Since we’re all staying at home much more than usual these days, and because we’re probably cooking much more than usual, I thought I’d put together some thoughts on how to cook from your pantry. These are my 30 best pantry recipes. You can make each one of them today and no shopping is needed.
I know it can be daunting to think about making three meals a day, every day, for the foreseeable future. I know some people just don’t enjoy cooking. Maybe cooking just isn’t a skill you’ve developed. There have been other priorities, right?
But maybe we take this opportunity to slow down and learn some new skills. Spend time with our families. Read a book. Play a game. Clean out that guest room closet you’ve been putting off for the last six years (oh wait, that’s just me).
Maybe you’ll start enjoying cooking a little more. Who knows, you might learn to like it. Just a little bit.
SO WHAT DOES COOKING FROM YOUR PANTRY MEAN?
Well, I think it means simply using what you have on hand. For instance, I always, always, always have canned tomatoes in my pantry. And pasta, and onions, and garlic. And beans. Usually, there’s some tuna in there, too, along with flours and cornmeal, vinegar, oils, sugar, spices, and herbs.
Maybe your pantry looks different from mine and you don’t keep a lot of stuff on hand all the time. That’s okay (we don’t really need to clean out all the grocery store shelves, do we?).
Pantry items, in my opinion, also include stored frozen items and fresh things that I buy regularly. In other words, the basics of cooking.My 30 best pantry recipes. You can make each one of them today and no shopping is needed. Click To Tweet
HOW TO STOCK YOUR PANTRY
If you’re trying to get your pantry up to speed, you’ll need to focus on just four main categories: proteins, carbs, veggies, and fats.
Pantry proteins as things like eggs, canned fish, beans, sausage, meat, and fish. The carbs category includes gains, pasta, oats, and longer lasting fruits like apples. As far as veggies go, you’ll want fresh things that last a while like onions and carrots plus very long storage items that are canned and frozen. And the fats are, of course, oils, nuts, and seeds.
ABOUT THE RECIPES
I’ve put together a list of 30 recipes from my blog that each use primarily pantry staples. Many of the ingredients you probably already have on hand and where anything out of the ordinary is called for, I’ve suggested ways you can substitute something else.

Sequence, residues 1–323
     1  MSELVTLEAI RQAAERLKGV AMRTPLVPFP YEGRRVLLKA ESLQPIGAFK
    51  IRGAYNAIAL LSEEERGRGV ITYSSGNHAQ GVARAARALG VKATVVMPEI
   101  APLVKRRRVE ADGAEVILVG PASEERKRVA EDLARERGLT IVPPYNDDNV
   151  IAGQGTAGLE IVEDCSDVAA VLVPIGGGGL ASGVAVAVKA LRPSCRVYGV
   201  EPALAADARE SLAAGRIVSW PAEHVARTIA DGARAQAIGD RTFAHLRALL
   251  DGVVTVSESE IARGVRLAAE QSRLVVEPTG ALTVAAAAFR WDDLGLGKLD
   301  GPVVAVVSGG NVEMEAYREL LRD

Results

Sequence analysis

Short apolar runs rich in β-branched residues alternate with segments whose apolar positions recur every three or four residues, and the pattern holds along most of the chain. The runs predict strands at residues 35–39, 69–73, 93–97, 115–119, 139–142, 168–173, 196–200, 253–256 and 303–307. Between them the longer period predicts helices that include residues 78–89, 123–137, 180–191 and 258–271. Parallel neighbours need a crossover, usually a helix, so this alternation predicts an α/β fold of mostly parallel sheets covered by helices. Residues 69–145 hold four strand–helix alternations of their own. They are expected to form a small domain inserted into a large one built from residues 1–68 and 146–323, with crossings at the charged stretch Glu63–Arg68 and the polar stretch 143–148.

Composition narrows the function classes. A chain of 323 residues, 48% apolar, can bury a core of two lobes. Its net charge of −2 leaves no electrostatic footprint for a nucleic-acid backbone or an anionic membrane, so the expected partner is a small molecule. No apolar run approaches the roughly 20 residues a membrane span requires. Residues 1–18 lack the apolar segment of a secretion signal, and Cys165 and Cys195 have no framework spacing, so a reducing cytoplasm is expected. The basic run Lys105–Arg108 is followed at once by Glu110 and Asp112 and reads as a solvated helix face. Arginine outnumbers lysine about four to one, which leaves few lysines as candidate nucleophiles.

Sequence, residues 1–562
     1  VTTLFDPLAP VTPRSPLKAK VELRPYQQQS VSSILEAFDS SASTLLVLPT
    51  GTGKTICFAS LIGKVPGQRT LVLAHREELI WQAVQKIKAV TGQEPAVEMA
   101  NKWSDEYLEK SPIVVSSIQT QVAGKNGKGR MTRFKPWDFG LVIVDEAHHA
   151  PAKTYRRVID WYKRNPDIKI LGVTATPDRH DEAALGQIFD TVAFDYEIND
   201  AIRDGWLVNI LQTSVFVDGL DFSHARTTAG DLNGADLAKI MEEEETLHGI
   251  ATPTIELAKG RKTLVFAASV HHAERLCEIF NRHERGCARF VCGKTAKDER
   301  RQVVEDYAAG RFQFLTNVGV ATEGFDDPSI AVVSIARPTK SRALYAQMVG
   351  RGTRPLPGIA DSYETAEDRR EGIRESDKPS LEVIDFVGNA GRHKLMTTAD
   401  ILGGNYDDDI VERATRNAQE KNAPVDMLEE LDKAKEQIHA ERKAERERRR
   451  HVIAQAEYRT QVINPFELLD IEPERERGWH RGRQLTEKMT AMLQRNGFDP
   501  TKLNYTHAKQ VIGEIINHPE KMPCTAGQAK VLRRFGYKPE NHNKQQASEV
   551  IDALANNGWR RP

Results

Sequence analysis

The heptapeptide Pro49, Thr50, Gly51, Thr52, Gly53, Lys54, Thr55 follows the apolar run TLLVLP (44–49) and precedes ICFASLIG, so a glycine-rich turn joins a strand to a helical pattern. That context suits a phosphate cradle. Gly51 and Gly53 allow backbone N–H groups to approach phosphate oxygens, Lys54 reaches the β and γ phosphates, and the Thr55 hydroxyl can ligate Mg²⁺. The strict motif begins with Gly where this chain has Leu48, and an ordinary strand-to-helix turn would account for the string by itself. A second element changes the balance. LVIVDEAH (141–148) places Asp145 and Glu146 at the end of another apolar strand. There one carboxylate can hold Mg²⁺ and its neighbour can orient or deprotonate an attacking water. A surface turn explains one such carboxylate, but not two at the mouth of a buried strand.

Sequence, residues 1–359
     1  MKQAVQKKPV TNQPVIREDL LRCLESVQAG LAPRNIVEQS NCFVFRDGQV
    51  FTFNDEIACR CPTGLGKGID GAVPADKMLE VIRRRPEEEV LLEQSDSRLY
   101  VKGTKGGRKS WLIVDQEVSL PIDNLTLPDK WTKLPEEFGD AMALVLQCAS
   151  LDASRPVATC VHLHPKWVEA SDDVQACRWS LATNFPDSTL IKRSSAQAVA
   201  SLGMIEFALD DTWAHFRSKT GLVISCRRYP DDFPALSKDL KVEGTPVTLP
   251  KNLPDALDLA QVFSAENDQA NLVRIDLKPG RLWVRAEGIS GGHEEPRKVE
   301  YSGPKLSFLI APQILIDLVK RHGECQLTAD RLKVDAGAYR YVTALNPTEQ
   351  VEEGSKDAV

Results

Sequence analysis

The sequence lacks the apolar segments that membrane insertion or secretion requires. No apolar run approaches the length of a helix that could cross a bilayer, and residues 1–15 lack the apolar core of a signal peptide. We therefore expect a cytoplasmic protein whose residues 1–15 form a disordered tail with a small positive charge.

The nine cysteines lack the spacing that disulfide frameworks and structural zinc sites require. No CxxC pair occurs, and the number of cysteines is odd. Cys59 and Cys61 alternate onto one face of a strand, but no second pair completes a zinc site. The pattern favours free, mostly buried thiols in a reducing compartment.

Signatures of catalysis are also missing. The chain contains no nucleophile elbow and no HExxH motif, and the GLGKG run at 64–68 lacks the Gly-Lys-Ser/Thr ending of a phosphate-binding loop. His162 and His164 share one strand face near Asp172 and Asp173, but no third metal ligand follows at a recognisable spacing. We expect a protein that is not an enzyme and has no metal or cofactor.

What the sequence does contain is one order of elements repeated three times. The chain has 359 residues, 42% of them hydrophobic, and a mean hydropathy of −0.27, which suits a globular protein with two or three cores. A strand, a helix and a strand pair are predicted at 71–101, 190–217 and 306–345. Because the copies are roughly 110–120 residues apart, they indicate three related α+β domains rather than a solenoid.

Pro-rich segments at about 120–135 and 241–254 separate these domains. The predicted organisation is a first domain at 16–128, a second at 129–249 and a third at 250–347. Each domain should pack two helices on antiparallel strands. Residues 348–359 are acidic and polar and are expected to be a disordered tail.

The majority of the recipes are pretty simple and require basic kitchen skills. In other words, I’m not trying to teach you how to catch your own wild yeast and make sourdough bread here. And the list gives you enough variety to keep you interested. I think. There’s even a sweet treat or two at the end.
Below each recipe, I’ve included notes about what ingredients, if any, you can substitute in case you don’t have access to what’s called for.
THANKS TO THE HEROES
While the majority of us are at home right now with families close, there are millions of folks out there making sure that we can get the food we need. They’re the farmers, laborers, packagers, processors, warehouse workers, truck drivers, clerks, cashiers, and so many more that are working daily to make sure we all eat. Please take a minute to thank them for what they’re doing.
Also, a huge debt of gratitude goes to Every. Single. Person working in the healthcare field. Without them, well, we’d all be lost.
And last, but by no means least, kudos to all you sanitation workers. Oh my gosh, what unsung heroes you all are.
Like This Post? Pin It!
SNACKS AND SIDE DISHES
SOUPS AND SALADS
A LITTLE SOMETHING SWEET
Be sure to follow me on instagram and hashtag #nevrenoughthyme or tag @nevrenoughthyme so I can see and share what you make! if you like this recipe, be sure to follow me on social media so you never miss a post: